Apart from providing students with a thorough grounding in the law of tort, the course provides an essential understanding of how the common law operates. In particular it is a perfect vehicle for the acquisition of analytical skills which are an essential part of the training of all lawyers. It provides training in the analysis of complex problems and the ability to think logically, as well as understanding the wider effects of the law and how choices are made for or against liability. As it is very much a case law subject, students will acquire a high level of skill in researching cases both using hard copy versions and by searching various databases. Students will also acquire expertise in case analysis, not only in discerning the legal rules established by the cases, but also in understanding how precedent is developed and how general principles are created.


Tort is taught by means of lectures and seminars. The lectures will provide an insight into the structure of the law and how cases can be analysed to produce the principles behind the subject. As tort is very much a case law subject the lecturers will not provide a definitive statement of the rules of law but rather the students will be guided into making their own assessment of the meaning of the cases. Reading of the recommended cases is essential and seminars will provide a forum for discussion of the proper understanding and application of the case law where students will gain experience in the clear exposition of complex ideas. There will also be an opportunity to write two essays during the year where a high level of clear expression and grammatical exposition will be required.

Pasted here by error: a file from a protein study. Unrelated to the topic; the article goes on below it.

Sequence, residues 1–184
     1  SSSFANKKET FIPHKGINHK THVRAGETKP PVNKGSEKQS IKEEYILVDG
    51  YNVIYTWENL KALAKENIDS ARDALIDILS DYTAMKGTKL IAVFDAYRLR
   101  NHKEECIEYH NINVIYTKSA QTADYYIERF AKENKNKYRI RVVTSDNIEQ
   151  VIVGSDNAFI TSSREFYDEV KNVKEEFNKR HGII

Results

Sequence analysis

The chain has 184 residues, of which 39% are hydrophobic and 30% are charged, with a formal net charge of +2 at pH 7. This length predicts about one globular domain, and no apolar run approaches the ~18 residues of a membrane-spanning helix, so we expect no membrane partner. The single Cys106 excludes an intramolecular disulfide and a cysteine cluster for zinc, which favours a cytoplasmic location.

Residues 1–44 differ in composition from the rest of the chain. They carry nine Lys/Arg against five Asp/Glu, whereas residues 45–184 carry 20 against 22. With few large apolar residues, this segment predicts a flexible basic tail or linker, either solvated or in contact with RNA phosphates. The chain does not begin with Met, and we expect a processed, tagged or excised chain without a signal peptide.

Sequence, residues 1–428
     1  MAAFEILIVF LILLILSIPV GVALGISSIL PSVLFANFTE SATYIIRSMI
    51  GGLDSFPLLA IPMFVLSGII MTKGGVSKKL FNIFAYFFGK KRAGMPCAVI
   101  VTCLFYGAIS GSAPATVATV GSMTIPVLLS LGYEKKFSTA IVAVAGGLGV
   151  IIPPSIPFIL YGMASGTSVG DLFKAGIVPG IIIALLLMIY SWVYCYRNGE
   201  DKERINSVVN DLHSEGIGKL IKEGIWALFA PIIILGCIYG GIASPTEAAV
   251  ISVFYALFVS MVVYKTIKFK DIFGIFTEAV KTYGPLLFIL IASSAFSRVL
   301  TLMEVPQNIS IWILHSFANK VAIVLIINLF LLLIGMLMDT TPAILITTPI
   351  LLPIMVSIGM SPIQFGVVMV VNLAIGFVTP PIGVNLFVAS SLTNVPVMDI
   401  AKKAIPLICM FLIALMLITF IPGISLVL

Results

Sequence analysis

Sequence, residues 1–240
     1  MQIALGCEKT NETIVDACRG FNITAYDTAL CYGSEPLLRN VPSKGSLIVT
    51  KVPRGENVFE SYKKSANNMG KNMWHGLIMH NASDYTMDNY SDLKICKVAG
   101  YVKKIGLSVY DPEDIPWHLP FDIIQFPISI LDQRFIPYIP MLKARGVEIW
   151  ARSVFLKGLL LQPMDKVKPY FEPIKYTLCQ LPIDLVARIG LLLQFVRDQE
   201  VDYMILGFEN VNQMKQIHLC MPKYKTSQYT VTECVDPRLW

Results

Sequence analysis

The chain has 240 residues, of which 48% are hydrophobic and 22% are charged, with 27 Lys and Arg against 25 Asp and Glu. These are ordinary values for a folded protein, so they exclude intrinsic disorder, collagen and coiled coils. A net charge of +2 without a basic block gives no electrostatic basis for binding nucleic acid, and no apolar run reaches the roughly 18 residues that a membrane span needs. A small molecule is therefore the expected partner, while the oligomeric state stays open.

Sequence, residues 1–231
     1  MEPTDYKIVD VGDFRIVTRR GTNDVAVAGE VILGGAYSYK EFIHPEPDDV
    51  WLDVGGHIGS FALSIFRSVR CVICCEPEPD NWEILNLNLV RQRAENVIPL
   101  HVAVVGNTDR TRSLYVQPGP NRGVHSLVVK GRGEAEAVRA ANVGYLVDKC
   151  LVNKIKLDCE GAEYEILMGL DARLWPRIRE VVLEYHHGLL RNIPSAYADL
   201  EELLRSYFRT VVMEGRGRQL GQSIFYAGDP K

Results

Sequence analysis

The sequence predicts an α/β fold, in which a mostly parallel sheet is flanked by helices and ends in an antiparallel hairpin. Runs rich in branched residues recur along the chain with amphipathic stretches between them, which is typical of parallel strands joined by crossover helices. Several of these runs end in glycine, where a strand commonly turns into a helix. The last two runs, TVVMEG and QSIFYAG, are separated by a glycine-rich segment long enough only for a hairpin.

1. General Principles

2. Social and Economic Context of Tort


3. Trespass to the Person
(a) Battery and assault
(b) The intentional infliction of emotional distress
(c) False imprisonment
(d) Defences to trespass to the person

4. Trespass to Land

5. Intentional Interference with Chattels
(a) Trespass to goods
(b) Conversion

6. Trespass and Negligence


7. Duty of Care
(a) The meaning of duty
(b) The unforseeable plaintiff

8. Standard of Care
(a) The reasonable man
(b) The skill of the defendant
(c) Other factors
(d) Exceptions to true objectivity

9. Proof of Negligence

10. Causation and Remoteness of Damage
(a) Causation
(b) Remoteness of damage

11. Reform
(a) The Pearson Commission
(b) The New Zealand system of no fault liability


12. Omissions

13. Liability of Public Bodies

14. Nervous Shock

15. Negligent Misstatement

16. Economic Loss - Negligent interference with prospective advantage

17. Duty of Care and Contract

18. Products Liability
(a) Contract
(b) Negligence
(c) Consumer Protection Act 1987

19. Unborn Children


20. Contributory Negligence

21. Consent
(a) The effect of notice
(b) Consent - volenti non fit injuria

22. Ex turpi causa/illegality


23. Vicarious Liability
(a) The legal theory
(b) The nature of 'employment'
(c) The course of employment
(d) Independent contractors/the self employed


24. Breach of Statutory Duty

25. Occupiers Liability
(a) Liability to visitors
(b) Liability to trespassers and other non-visitors

26. Nuisance
(a) Public nuisance
(b) Private nuisance

27. Strict Liability: Rylands v Fletcher

28. Liability for Fires

29. Control of Special Forms of Pollution
(a) Nuclear escape
(b) Disposal of waste

30. Liability for Animals

31. Defamation

Reading Lists

** Recommended Text
Jones (2002) Textbook on Torts 8th.
Kidner (2002) Casebook on Torts 7th.
Street (1999) The Law of Torts 10th.


This module is at CQFW Level 6